Patch testing performed by a dermatologist or hospital can help reveal the specific ingredient responsible for sensitisation, however, the quickest and perhaps easiest way to begin treatment is to remove all known sensitisers from a person’s daily routine.

Step 2: Reduce inflammation.

Sensitisation reactions involve activation of a person’s immune function which therefore triggers inflammation. When inflammation is lessened the sensitisation reaction will be reduced and therefore skin can begin healing.

Inflammation may be reduced by;

  • Use of anti-histamines
  • Use of anti-inflammatory/protective skincare

Examples of anti-inflammatory/protective skincare ingredients include: colloidal oatmeal, bisabolol, allantoin, zinc oxide (a registered FDA skin protectant), calalmine, niacinamide, evening primrose oil.

Step 3. Use of sensitive skin friendly skincare.

While skin is sensitised a person’s skin barrier function is reduced and therefore may be easily irritated by any number of cosmetic ingredients. It is therefore best to use a simple, sensitive skin friendly routine. Skincare products should be free from fragrance, use soothing active ingredients, be pH balanced and free from SLS.

Step 4. Avoid future contact with identified sensitiser.

Once skin has become sensitised to a specific ingredient and has progressed through the induction phase of sensitisation i.e. T-cells which recognise the sensitiser have been introduced into a person’s immune function, future contact with the activating sensitiser will cause swift reaction. This is often what causes people to believe they’ve developed a sensitive skin type. However, treating skin sensitively will not help relieve symptoms unless the causing sensitiser is avoided.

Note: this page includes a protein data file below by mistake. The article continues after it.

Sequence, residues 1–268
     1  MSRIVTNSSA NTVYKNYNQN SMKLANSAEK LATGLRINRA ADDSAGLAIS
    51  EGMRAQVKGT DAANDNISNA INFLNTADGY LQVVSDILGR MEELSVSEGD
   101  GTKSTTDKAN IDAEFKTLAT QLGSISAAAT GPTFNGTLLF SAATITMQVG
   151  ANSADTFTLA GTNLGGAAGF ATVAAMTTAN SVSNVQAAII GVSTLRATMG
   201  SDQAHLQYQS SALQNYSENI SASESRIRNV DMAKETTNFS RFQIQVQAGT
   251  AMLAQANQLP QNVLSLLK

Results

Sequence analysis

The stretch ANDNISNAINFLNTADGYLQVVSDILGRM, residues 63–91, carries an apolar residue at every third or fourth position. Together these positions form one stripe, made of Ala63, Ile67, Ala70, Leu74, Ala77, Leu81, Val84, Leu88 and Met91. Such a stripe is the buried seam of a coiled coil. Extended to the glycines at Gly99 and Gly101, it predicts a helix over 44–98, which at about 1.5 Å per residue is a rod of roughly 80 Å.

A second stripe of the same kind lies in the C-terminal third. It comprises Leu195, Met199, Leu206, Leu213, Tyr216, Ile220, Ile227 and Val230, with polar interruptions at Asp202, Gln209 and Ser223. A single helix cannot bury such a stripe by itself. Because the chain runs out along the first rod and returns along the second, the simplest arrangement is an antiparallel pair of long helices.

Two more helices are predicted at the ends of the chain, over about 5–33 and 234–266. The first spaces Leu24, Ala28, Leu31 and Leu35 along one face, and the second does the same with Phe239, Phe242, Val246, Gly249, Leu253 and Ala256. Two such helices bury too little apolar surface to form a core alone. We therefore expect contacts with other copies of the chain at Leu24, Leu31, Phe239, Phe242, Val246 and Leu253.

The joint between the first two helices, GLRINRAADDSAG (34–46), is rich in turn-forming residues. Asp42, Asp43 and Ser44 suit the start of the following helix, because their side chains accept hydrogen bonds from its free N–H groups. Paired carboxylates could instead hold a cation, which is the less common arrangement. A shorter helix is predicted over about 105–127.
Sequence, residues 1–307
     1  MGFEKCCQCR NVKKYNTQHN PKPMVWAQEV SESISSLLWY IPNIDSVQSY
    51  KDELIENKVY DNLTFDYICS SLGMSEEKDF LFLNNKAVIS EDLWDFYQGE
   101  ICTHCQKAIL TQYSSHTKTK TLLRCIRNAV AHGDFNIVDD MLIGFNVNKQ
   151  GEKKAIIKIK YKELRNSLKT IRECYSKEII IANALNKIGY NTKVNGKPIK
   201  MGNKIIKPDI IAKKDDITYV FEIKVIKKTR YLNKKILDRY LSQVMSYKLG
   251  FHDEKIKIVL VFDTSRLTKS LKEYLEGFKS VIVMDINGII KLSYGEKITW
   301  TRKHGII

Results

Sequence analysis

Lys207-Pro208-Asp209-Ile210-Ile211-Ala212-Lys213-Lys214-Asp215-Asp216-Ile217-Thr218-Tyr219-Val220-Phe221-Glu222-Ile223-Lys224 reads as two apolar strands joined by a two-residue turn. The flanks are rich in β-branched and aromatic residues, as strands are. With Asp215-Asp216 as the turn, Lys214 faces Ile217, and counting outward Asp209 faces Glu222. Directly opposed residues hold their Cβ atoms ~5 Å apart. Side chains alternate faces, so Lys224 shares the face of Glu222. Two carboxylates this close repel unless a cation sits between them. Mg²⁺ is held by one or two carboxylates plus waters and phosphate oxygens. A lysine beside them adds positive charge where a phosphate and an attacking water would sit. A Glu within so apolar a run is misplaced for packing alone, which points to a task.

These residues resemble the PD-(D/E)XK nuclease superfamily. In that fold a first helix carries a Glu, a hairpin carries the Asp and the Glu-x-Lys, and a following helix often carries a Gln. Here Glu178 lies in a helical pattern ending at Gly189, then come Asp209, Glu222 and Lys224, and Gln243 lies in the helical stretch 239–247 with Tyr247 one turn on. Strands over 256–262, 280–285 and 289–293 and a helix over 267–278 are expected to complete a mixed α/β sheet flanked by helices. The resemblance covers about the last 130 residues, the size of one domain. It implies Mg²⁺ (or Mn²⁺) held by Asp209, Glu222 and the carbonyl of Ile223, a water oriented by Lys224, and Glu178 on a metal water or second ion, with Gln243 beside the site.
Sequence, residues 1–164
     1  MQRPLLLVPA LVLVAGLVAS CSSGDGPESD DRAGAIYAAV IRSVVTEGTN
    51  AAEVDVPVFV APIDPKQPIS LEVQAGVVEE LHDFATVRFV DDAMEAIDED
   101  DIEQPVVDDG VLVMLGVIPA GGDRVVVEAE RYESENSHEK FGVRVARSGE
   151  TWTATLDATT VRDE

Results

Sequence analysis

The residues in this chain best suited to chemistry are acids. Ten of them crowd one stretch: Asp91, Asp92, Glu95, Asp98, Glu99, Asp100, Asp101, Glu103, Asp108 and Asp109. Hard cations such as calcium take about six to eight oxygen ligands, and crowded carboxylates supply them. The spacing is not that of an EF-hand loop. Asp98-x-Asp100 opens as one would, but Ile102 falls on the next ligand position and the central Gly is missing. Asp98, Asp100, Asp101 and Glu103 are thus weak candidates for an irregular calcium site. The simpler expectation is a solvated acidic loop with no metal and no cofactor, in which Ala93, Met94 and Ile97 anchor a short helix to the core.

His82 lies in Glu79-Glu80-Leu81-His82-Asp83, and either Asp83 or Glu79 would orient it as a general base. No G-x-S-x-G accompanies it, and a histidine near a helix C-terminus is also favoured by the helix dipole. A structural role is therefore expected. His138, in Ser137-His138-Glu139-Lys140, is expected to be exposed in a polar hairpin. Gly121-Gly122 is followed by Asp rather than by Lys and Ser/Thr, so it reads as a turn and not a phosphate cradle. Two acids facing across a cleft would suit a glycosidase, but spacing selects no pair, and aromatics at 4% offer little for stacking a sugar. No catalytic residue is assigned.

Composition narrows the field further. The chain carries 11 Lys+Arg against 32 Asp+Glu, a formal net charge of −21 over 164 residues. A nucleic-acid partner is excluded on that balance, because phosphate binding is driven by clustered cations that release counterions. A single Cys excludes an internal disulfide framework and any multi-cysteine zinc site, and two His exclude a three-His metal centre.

Another factor which causes confusion is the induction phase of sensitisation may take significant time to complete. This means skincare products may be used for days, months or even years before causing sensitisation. However, once the induction of sensitisation is complete, whenever the causing ingredient is used a quick and aggressive sensitivity reaction will occur.

How to tell the difference between skin sensitisation and sensitive skin

When understanding whether a person is experiencing sensitisation or sensitive skin, a few simple questions can usually identify the culprit. These questions are based around understanding if a person has always had sensitive skin or whether perceived sensitivity has been induced by a sensitiser.

  1. Did sensitivity occur after using/recently introducing a new skincare product?
  2. Have you always had a sensitive skin type?
  3. Does your mum/dad/sister/grandparents have sensitive skin? Do eczema or allergic conditions run in your family line?
  4. At what age did you begin experiencing skin sensitivity?
  5. Have you used active skincare ingredients i.e. salicylic acid/glycolic acid, retinol and vitamin C/ascorbic acid with no previous issues?

Yes to questions 1 and 5 points towards a sensitisation reaction as the person in question does not have a classically sensitive skin type.

Yes to questions 2 and 3 points towards a person having inherited a genetic predisposition to a sensitive skin type.

The answer to question 4 will add weight to either diagnosis. If a person began to experience sensitivity from a young age or during times of hormonal imbalance/hormonal change – then the likelihood is they’re suffering from a sensitive skin type. However, if the answer is that they only experienced sensitivity in adulthood, then it’s likely that they have sensitisation.  

Sources and references
  1. Skin irritation and sensitization: mechanisms and new approaches for risk assessment. D. Basketter, R. Darlenski, J. W. Fluhr Skin Pharmacol Physiol. 2008; 21(4): 191–202. Published online 2008 May 29. doi: 10.1159/000135635

  2. Determinants of skin sensitisation potential. David W. Roberts, Aynur O. Aptula, J Appl Toxicol. 2008 Apr; 28(3): 377–387. doi: 10.1002/jat.1289

  3. Determinants of skin sensitisation potential. David W. Roberts, Aynur O. Aptula, J Appl Toxicol. 2008 Apr; 28(3): 377–387. doi: 10.1002/jat.1289

  4. Skin sensitization–a critical review of predictive test methods in animals and man. P. A. Botham, D. A. Basketter, T. Maurer, D. Mueller, M. Potokar, W. J. Bontinck, Food Chem Toxicol. 1991 Apr; 29(4): 275–286.



  7. Determinants of skin sensitisation potential. David W. Roberts, Aynur O. Aptula, J Appl Toxicol. 2008 Apr; 28(3): 377–387. doi: 10.1002/jat.1289


  8. Blank HI, Measurement of pH of the skin surface. J lnvrsl Dermatol 1939;2:67-79.